Revolut blocks credit card use for gambling in Ireland

Posted on: January 27, 2022, 09:52h.

Last updated on: January 27, 2022, 10:08 AM.

Ireland has a ban on the use of credit cards for gambling purposes, but it is not foolproof. Some people have figured out how to get around it. But the online banking platform Revolut is going to cut some of them.

Fitz Casino, Ireland
Fitz Casino in Ireland. It, like other land-based and online gambling platforms, faces more restrictions as the country restricts gambling. (Image: TheLiberal.ie)

The UK and Ireland have both capped their betting markets. The UK is constantly introducing new controls and Ireland is on the cusp of some serious reforms for its operators. It already banned the use of credit cards for gambling purchases. But a loophole allowed some gamblers to get around the measure.

Some contactless payment apps, including Google Pay and Apple Pay, have circumvented the ban. Another on that list is Revolut, the purely digital banking platform. It now blocks all credit card payments destined for gambling websites in Ireland.

Revolut has around 1.5 million customers in Ireland, according to the company, so the impact will definitely be felt. The move shouldn’t come as too much of a surprise, though, as it had already implemented the same policy in the UK. That came after the country banned credit card payments for all gambling purchases in 2020.

Revolut cards can be funded through credit cards, bank transfers, and debit cards. It explains that it has a system that can detect whether a payment for gambling comes through a credit or debit card. That system is already in place in the UK and the rollout for Irish gamblers will be seamless.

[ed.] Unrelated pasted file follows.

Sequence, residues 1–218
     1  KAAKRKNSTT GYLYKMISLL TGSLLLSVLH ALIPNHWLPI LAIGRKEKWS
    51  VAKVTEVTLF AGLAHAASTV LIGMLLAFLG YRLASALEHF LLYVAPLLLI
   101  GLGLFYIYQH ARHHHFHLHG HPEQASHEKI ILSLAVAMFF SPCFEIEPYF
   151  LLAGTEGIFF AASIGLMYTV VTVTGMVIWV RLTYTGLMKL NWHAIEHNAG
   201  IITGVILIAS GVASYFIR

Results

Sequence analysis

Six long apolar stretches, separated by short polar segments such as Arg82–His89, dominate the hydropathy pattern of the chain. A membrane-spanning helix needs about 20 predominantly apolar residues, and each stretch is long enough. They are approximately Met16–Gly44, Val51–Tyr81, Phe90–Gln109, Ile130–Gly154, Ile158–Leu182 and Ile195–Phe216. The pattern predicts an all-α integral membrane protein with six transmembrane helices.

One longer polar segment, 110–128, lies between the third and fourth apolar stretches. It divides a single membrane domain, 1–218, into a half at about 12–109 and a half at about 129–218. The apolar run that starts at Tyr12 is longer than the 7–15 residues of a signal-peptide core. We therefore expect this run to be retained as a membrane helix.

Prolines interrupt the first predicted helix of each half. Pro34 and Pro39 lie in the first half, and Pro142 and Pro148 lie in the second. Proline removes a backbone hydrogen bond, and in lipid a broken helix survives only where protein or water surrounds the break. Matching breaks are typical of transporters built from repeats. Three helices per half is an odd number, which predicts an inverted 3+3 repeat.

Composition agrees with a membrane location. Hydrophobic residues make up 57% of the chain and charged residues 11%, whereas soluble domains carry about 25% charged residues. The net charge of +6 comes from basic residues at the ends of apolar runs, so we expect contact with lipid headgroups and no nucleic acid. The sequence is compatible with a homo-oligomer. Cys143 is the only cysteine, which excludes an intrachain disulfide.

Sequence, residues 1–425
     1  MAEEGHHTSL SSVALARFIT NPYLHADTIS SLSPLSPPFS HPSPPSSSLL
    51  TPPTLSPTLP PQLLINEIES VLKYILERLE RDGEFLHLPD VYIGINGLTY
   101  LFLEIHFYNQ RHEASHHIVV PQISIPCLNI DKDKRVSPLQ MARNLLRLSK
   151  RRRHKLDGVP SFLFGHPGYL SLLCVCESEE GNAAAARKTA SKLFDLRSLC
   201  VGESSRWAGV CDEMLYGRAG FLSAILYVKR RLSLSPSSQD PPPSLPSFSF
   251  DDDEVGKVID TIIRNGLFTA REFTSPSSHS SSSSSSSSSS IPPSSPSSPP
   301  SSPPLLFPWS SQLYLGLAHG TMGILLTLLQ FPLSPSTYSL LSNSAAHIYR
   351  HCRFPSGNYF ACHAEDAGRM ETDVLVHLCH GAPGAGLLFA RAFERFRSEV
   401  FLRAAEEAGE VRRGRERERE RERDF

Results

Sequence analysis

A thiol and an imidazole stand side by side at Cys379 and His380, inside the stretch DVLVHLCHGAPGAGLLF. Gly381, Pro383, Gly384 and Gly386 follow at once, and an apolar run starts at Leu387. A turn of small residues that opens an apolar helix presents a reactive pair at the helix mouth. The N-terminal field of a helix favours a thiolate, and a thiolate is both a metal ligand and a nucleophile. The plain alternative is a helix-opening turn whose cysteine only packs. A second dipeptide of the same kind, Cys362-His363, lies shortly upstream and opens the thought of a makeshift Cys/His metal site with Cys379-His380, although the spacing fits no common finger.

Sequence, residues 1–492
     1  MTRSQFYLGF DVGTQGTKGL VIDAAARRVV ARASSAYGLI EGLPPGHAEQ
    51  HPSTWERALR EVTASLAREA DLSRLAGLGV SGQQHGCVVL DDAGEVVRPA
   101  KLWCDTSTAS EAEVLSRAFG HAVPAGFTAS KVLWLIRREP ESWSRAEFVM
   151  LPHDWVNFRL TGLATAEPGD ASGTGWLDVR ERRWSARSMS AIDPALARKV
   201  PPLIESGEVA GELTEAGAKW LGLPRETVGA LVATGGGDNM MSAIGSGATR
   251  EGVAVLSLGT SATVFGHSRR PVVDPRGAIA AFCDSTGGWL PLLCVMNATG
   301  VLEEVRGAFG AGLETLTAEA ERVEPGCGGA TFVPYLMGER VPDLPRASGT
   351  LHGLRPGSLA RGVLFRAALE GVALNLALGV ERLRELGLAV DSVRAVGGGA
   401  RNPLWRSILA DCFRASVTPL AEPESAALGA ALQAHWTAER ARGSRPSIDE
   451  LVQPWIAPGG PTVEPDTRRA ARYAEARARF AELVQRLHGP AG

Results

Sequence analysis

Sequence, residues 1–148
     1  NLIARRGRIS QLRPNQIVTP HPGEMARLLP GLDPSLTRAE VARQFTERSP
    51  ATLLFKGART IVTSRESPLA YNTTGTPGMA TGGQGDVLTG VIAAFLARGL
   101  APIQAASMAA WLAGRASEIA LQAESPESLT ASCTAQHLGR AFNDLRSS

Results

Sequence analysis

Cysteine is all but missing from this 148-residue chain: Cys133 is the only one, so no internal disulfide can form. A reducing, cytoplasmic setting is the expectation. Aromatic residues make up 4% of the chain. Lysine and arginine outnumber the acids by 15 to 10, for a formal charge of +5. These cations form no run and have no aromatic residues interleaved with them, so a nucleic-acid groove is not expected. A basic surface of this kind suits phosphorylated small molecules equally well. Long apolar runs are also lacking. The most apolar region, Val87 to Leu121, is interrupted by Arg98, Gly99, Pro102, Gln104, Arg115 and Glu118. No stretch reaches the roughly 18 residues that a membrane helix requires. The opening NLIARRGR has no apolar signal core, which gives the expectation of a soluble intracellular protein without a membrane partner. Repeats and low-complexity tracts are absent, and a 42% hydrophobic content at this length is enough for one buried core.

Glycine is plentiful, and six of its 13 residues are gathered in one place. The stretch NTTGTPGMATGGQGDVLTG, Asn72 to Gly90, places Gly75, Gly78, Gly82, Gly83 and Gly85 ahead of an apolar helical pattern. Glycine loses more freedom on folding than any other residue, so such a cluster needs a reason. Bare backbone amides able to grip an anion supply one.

Third party payment options not illegal in Ireland

While Ireland would prefer to see a complete ban on the use of credit cards for gambling purposes, third-party solutions are clear. This means that payments to gambling sites via Google Pay, Apple Pay and others are not illegal.

The office of junior Attorney General James Browne has confirmed this position. Browne manages Ireland’s plans to develop a standalone gambling regulator. A spokesman for his office says that banning the use of credit cards via payment apps for gambling purposes “is beyond the minister’s competence”.

This does not mean that the government will not close the loophole in the future. As soon as the new games of chance supervisor is ready, it will be given additional powers in the area of ​​payments. This allows it, if it so chooses, to prohibit or allow third-party payment solutions with credit card purchases.

The new Gambling Regulatory Authority of Ireland is upon us. The time frame is still in the works, but the regulator should arrive in the coming months.

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